McLean Stevenson (November 14, 1929 - February 15, 1996) (full name Edgar McLean Stevenson, Jr.), born in Normal, Illinois was an American actor most recognized for his role as Lt. Colonel Henry Blake on the TV series M*A*S*H. His father was a cardiologist.
Stevenson was the great-grandson of a brother of Adlai E. Stevenson, Vice President of the United States (Edgar McLean Stevenson (Sr.) appears on p. 138 of Samuel Harris Stevenson et al., A History and Genealogical Record of the Stevenson Family from 1748 to 1926 (2nd. ed., n.p., n.d.)). He was therefore also a second cousin (once removed) of Adlai Stevenson II who was governor of Illinois and two time Democratic presidential nominee, a first cousin (twice removed) of Lewis G. Stevenson, the Secretary of State of Illinois, and a third cousin of Adlai Stevenson III, an Illinois senator. He is also the brother of actress Ann Whitney.
After serving in the Navy, he attended Northwestern University, where he graduated with a bachelor's degree in theater arts. Afterwards he worked on a radio station, played a clown on a live TV show in Dallas, became an assistant director at Northwestern, and sold medical supplies and insurance. Afterwards he worked as a press secretary for his cousin in the presidential elections of 1952 and 1956. He formed the "Young Democrats for Stevenson".
In 1961, his cousin invited him to some parties, where he met some business luminaries. He followed his cousin's advice to look for a show business career. He auditioned and won a scholarship to the American Musical and Dramatic Academy. His teachers included the well-respected Lee Strasberg, Sandy Meisner, David Craig, Lehman Engel, and Sue Seaton.
Stevenson made his professional career debut in "The Music Man" in 1962 and appeared regularly in Warsaw, Indiana in summer stock productions. After this he appeared in New York on stage and television commercials. He also performed on Broadway. However, he began to establish himself as a comedy writer, writing for the seminal "That Was the Week that Was", in which Alan Alda appeared, and "The Smothers Brothers Comedy Hour". He performed occasionally on both shows.
After guest-starring on "That Girl" (1966) with Marlo Thomas, he was cast in The Doris Day Show in 1969, playing magazine editor boss Michael Nicholson until 1971. Originally, he auditioned for the role of Hawkeye Pierce in M*A*S*H, but was convinced to play Henry Blake instead. This role shot him to stardom. He eventually wrote the episode "The Trial of Henry Blake" (US air date: 11/3/73), and provided the story for another, "The Army-Navy Game" (US air date: 2/25/73). He received one Emmy nomination for his writing.
Henry Blake was one of the most popular characters on M*A*S*H, a carefree clod who preferred fishing to keeping close tabs on the unit under his command. Furthermore, the show quickly became one of the most popular situation comedies running, and would eventually become recognized as one of the top sitcoms in television history. Stevenson, however, began chafing at the fact he was playing second fiddle to the wisecracking Hawkeye (played by Alan Alda), as did Wayne Rogers, and asked to be let out of his contract during the show's third season. The writers reluctantly accomplished this transition in the final episode of the 1974-75 season, in which Col. Blake was discharged, only to board a plane that was shot down over the Sea of Japan, killing everyone on board.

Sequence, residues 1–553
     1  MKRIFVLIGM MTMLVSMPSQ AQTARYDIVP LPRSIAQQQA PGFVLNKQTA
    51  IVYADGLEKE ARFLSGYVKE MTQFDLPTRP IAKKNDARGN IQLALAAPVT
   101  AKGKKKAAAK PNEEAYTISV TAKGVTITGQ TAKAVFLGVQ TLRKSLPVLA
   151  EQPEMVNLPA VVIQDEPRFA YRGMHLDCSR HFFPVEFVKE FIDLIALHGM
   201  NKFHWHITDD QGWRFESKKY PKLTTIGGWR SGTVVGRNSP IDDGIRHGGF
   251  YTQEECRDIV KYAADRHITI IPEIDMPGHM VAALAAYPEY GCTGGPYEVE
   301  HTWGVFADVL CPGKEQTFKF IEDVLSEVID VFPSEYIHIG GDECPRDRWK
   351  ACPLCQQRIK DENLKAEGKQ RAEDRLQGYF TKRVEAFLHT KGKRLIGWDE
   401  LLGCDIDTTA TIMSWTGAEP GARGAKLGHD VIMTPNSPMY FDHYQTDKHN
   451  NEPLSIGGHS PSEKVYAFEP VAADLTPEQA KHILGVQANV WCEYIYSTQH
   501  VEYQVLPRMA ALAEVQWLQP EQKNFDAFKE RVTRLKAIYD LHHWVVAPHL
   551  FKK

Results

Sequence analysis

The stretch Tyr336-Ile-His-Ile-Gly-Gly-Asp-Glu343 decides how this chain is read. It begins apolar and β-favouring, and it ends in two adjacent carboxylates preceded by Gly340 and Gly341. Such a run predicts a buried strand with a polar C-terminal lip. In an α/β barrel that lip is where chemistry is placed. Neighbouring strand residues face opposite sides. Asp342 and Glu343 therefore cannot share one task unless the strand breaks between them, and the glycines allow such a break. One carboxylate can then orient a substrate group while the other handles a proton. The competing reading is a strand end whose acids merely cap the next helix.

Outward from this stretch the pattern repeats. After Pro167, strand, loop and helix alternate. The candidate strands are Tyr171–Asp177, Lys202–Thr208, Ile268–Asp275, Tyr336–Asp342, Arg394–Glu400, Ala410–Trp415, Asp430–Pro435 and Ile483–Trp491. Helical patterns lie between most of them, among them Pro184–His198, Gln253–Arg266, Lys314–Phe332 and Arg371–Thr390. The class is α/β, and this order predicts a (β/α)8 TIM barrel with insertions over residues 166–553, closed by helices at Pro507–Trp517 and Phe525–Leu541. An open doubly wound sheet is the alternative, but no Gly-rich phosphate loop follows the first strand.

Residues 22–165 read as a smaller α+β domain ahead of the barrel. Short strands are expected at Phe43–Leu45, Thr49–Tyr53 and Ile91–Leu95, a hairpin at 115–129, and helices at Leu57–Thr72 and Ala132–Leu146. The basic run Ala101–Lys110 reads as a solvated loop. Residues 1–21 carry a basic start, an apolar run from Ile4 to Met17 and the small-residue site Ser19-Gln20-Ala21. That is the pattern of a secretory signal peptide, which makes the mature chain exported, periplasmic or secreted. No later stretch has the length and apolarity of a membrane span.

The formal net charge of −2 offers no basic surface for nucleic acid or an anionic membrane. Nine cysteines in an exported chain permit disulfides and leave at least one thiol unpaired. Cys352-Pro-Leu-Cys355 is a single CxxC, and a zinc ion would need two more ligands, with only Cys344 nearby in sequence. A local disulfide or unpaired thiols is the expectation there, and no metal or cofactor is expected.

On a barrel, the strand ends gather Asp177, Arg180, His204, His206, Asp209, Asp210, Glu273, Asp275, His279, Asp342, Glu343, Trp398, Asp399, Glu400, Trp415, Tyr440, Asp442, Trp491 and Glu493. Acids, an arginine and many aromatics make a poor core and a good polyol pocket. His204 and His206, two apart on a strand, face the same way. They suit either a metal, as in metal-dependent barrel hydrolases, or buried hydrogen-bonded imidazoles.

Stevenson's departure from M*A*S*H turned out to be one of the most catastrophic show-business career decisions in entertainment history. Stevenson starred in a series of sitcoms that he hoped would bring him the comic leading-man status to which he aspired. None of these efforts met with much success. They included The McLean Stevenson Show, In the Beginning, Hello, Larry, and Condo. All four sitcoms were dismissed by audiences and critics alike as sorry wastes of Stevenson's abilities. Not one show lasted more than a single season (though Hello, Larry lasted a season and a half).
Stevenson also guest-starred in shows such as Square One TV, The Love Boat, Diff'rent Strokes, Match Game, Hollywood Squares, and The Tonight Show Starring Johnny Carson. His screen credits include the Disney movie The Cat from Outer Space as a friend of Dr. Frank Wilson (played by Ken Berry). In 1981, Match Game host Gene Rayburn described Stevenson as someone "responsible for the demise of several television shows", in jest. However, this statement is true even though it was used as a joke. This is a stereotype of McLean that most Americans share. Coincidentally, Match Game was cancelled in 1982, a little less than a year after Stevenson was pitched as a regular panelist.
Stevenson was recovering from surgery in a Los Angeles hospital on February 15, 1996 when he unexpectedly went into cardiac arrest and died. It was two months after his 66th birthday. In a strange twist of fate, Stevenson was the first cast member from M*A*S*H to leave the series, as well as the first to die. M*A*S*H writer Larry Gelbart later said that Stevenson had left too soon twice in one lifetime.
Stevenson is interred in Forest Lawn - Hollywood Hills Cemetery in Los Angeles. He left behind a wife Ginny, daughter Lindsey and actor Jeff MacGregor (from a previous marriage). Coincidentally, Roger Bowen, who had played Henry Blake in the M*A*S*H movie, also died of cardiac arrest the day after Stevenson's passing.
Shortly before his passing, Stevenson admitted that he regretted leaving M*A*S*H when he did. One legacy of Stevenson is a word coined from his first name, McLean--McLeaning, which refers to an actor leaving a show, and his or her character's subsequent demise--as happened to Henry Blake when McLean Stevenson left M*A*S*H.